Research from the University of Georgia led by scientist Puneet Dwivedi has found that replacing petroleum-based aviation fuel with sustainable fuel from a type of mustard plant can reduce carbon emissions by up to 68 percent.
Researches rteam estimated the break-even price and life cycle carbon emissions of sustainable aviation fuel (SAF) derived from oil obtained from Brassica carinata, a non-edible oilseed crop. Carinata is grown as a winter crop in the southern part of the US because winters in the south are not as severe compared to other regions in the country. Carinata is grown during the ‘off’ season so it does not compete with other food crops, and it does not trigger food versus fuel issues. Growing carinata provides all the cover-crop benefits related to water quality, soil health, biodiversity, and pollination.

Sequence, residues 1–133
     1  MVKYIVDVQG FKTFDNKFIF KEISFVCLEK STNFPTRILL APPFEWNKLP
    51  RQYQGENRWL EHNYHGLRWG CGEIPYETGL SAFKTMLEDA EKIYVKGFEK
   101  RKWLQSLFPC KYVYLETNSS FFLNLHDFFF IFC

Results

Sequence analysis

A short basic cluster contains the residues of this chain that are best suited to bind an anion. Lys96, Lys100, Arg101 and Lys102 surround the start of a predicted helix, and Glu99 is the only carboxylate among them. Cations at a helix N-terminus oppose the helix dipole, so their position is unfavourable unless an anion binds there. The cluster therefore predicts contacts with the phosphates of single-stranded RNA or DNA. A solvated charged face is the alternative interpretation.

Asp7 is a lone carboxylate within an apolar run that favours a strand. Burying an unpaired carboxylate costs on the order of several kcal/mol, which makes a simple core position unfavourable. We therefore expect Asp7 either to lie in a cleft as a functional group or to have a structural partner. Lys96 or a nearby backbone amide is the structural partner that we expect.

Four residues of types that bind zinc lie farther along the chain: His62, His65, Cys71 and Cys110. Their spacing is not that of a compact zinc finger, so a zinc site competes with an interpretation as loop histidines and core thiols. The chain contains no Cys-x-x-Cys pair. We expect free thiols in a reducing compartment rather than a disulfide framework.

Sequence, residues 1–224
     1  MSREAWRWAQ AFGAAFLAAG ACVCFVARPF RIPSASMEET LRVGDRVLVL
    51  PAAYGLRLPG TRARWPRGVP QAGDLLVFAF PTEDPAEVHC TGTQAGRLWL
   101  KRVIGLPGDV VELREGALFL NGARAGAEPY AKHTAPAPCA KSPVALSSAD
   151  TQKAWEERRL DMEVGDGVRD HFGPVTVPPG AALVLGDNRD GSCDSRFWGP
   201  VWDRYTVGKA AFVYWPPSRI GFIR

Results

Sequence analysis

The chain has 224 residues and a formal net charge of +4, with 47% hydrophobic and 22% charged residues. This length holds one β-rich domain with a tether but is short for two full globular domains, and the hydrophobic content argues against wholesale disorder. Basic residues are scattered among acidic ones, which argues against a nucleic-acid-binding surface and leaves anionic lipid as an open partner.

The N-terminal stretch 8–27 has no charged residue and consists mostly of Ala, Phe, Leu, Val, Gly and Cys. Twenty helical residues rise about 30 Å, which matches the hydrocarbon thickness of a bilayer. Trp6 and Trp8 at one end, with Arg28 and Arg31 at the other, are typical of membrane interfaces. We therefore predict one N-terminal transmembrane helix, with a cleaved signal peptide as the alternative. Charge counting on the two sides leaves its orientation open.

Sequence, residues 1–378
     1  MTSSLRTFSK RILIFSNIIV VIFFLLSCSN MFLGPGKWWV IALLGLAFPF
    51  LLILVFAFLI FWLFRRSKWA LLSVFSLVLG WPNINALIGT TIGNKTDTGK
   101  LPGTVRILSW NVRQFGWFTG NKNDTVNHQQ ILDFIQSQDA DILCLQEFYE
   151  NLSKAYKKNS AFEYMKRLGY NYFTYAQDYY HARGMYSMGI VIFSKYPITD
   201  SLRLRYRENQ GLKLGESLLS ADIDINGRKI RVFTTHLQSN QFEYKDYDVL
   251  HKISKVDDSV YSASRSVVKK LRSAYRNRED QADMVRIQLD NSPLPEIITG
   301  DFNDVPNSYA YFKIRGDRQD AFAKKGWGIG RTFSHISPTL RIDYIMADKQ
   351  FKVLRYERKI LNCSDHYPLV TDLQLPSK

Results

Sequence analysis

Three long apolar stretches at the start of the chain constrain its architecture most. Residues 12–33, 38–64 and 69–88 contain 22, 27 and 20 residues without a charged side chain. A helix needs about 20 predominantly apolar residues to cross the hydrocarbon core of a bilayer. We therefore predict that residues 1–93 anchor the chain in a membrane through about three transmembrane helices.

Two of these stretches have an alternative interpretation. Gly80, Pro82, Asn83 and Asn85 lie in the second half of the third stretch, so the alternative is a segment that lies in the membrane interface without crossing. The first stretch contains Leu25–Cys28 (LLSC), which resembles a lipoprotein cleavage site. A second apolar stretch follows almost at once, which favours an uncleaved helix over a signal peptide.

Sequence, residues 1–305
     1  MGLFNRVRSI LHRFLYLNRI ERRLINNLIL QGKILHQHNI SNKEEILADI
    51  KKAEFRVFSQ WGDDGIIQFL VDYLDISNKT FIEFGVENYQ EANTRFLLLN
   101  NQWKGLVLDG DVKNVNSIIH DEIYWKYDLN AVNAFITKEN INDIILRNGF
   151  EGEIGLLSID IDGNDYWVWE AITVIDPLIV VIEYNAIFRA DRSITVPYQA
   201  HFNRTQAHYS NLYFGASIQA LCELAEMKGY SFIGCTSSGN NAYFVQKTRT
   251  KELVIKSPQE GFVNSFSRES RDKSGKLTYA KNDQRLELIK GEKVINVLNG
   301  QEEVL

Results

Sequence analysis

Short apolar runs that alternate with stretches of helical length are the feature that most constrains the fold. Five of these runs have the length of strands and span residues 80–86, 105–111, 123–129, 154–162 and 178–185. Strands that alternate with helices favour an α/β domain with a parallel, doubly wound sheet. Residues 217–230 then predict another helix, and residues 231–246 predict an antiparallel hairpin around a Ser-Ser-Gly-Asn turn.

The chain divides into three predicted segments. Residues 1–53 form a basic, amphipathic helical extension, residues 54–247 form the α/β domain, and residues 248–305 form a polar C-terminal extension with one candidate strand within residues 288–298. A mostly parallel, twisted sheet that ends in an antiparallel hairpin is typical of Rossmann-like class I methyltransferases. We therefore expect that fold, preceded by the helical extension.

Researchers have spent four years investigating how to grow carinata in the Southeast, exploring questions related to optimum genetics and best practices for the highest crop and oil yield.
Puneet Dwivedi, Guest Editor 2021 Sustainable Jet Fuel Production from Brassica Carinata in the Southern United States. A Virtual Special Issue; GCB Bioenergy
Source: Crop Biotech Update